The way we give feedback to our students is also crucial, and should always be couched in positive terms. When we give praise it should be appropriate and appreciative. Judgmental praise causes dependency and builds up an ego which can produce anxiety. We should praise what the student is doing or their effort, not their ego or talent. Praise followed by criticism is not helpful. Sincere praise goes a long way and creates a sense of trust.
Examples of appropriate and appreciative praise:
“I enjoyed that”
“that was really accurate/musical”
“That practising has really made a difference”
This allows pupils to draw their own conclusions about their playing
When giving critical feedback, the correct vocabulary becomes even more important:
Examples of negative feedback:
“you played that chord wrong”
“your playing is inaccurate/unmusical/unexpressive”
“you are not working hard enough”
By personalising the criticism, we make it more harmful. Domineering or bullying teachers who feel frustrated by their students will often pile negative criticism onto their students to big up their own ego and to make the student feel even smaller. This is a form of transference and should be avoided at all costs, no matter how frustrated we may feel by a student’s lack of progress.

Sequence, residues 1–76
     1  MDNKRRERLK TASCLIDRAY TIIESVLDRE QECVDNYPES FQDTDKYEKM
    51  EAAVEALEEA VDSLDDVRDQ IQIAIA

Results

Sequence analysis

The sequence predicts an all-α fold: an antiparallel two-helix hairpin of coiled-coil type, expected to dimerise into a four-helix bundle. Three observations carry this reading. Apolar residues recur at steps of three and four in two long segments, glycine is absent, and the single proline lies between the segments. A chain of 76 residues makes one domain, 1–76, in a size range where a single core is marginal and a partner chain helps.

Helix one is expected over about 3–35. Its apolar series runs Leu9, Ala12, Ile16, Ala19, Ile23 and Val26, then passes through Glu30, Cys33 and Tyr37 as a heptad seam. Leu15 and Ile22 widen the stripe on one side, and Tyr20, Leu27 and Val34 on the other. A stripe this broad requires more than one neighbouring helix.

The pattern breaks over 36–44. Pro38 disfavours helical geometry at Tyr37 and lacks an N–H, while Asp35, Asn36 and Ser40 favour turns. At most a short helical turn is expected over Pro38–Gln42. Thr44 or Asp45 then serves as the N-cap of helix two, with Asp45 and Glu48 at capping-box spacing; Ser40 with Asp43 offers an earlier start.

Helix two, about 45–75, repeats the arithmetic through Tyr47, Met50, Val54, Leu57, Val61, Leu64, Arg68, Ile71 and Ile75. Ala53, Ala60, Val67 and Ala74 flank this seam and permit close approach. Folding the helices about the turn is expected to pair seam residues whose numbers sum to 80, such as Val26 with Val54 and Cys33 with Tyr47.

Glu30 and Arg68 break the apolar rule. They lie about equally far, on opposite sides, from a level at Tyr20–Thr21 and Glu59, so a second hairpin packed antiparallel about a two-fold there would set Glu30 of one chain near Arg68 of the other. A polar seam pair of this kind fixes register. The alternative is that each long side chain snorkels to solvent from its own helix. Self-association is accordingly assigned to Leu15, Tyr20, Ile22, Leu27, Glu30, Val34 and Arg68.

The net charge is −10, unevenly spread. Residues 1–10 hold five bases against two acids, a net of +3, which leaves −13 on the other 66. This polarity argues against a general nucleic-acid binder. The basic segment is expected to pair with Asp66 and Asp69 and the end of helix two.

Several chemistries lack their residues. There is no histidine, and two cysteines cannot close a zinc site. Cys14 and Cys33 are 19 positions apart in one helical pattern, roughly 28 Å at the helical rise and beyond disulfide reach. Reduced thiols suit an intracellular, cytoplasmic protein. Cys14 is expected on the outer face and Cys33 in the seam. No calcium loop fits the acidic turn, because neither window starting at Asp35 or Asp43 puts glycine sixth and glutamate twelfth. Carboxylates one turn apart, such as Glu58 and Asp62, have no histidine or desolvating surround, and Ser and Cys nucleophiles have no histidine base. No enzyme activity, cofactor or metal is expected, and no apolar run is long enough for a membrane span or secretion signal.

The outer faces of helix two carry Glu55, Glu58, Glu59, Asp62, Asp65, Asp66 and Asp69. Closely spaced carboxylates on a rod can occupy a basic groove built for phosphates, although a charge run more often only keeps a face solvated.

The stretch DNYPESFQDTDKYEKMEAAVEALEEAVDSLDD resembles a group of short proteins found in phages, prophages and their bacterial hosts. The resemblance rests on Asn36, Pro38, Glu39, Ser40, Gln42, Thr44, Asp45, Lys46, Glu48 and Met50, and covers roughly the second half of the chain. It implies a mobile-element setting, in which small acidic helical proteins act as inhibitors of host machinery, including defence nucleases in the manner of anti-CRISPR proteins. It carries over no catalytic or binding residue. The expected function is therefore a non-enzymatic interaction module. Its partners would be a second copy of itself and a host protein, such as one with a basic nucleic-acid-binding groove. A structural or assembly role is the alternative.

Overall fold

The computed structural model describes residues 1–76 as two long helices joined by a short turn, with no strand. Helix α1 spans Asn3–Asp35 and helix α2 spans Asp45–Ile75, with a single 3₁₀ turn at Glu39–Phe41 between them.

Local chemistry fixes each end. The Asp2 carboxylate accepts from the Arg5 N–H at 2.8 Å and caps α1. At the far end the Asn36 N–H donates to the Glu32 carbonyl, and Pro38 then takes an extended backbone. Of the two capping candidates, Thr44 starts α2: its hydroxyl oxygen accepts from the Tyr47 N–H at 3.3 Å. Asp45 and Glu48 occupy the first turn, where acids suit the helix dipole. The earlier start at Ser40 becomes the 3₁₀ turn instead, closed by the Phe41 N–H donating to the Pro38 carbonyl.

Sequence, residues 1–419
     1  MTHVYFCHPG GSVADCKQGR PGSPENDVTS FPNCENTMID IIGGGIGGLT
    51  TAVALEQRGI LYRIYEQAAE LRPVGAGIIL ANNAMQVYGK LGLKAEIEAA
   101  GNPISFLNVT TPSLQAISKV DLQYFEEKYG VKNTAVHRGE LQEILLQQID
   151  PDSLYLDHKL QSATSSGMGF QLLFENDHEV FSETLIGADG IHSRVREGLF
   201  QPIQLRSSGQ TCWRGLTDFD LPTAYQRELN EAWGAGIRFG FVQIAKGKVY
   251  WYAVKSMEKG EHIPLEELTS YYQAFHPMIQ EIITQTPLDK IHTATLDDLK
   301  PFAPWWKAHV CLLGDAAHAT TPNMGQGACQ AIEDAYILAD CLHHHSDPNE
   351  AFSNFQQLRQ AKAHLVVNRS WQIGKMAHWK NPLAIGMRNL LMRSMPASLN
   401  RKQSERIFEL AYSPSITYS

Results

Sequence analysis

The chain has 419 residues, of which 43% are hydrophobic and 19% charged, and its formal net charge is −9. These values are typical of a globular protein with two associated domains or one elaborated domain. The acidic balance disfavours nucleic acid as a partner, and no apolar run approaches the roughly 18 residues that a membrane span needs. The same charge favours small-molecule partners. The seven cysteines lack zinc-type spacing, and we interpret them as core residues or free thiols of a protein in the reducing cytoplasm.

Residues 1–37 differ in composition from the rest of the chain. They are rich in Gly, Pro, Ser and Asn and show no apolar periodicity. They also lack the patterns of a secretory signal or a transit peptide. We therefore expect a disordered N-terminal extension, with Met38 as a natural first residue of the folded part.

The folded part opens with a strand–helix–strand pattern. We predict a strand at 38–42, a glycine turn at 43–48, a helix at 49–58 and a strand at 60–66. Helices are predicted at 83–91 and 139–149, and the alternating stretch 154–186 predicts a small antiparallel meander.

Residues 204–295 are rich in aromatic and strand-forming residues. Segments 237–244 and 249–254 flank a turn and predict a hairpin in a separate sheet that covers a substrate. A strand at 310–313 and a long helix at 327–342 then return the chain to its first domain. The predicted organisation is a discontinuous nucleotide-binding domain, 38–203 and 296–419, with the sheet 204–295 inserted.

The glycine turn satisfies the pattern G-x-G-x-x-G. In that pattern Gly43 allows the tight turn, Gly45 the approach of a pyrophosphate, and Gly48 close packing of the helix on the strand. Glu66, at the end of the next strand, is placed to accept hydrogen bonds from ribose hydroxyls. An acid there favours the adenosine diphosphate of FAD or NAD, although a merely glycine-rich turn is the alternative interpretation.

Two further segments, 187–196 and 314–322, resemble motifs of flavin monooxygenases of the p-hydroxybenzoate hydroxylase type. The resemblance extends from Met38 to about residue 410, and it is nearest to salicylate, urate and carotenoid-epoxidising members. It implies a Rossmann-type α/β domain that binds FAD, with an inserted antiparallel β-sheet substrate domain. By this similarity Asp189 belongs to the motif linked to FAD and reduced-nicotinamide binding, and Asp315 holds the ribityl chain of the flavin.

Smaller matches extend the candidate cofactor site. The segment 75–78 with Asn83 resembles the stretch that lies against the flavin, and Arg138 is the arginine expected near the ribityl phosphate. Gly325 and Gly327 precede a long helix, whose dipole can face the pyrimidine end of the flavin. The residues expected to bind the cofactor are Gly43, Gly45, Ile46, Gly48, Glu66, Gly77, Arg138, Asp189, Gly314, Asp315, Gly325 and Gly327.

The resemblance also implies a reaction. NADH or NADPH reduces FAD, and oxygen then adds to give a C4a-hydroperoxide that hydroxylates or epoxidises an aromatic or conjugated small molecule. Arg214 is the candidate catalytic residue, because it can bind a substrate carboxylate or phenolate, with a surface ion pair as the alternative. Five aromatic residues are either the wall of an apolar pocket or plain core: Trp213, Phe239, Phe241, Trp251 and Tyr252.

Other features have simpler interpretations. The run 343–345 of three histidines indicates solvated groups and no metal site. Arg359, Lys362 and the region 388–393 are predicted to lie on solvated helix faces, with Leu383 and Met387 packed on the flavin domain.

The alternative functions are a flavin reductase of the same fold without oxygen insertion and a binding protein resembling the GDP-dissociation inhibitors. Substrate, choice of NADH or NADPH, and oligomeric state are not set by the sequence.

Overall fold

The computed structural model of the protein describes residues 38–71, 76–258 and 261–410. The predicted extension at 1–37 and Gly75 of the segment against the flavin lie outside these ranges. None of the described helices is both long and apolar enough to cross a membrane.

Instead, we should use a non-personal form of words – and actions – which involve both teacher and student in the solution to the issue:
“let’s see if we can work out why that chord wasn’t quite right”
“how do you think we could make the piece sound more expressive?”
We should also be mindful about our use of vocabulary when teaching adult students. Adults can be adept at “reading between the lines”, drawing inference from something the teacher may have intended as a throw-away comment. Adult students often lack confidence, often a hangover from an unpleasant experience with a domineering or overly negative teacher as a child, and this can make them highly sensitive.
We should use positive vocabulary in all of our teaching, and also allow students to challenge us if we make sweeping statements which cannot be backed up by solid evidence, in the score or elsewhere.
Simple, positive changes to the kind of vocabulary we use when interacting with our students can have a transformative effect on their approach to their music making, their attitude to practising (“progress”), their enjoyment of music and, above all, their confidence.
The Virtuoso Teacher with Paul Harris
1 thought on “Changing the Vocabulary”
I think this blog is very useful and it applies to all subjects, not just to music.
Being afraid to make mistakes can. be extremely debilitating and counterproductive. It can make people stop learning or trying anything new. It is important for teachers and learners alike to realise that mistakes can be useful. They direct our attention to problems that need to be solved in order to progress. In some situations it is a bad idea to cover up our mistakes because by doing so we block our progress.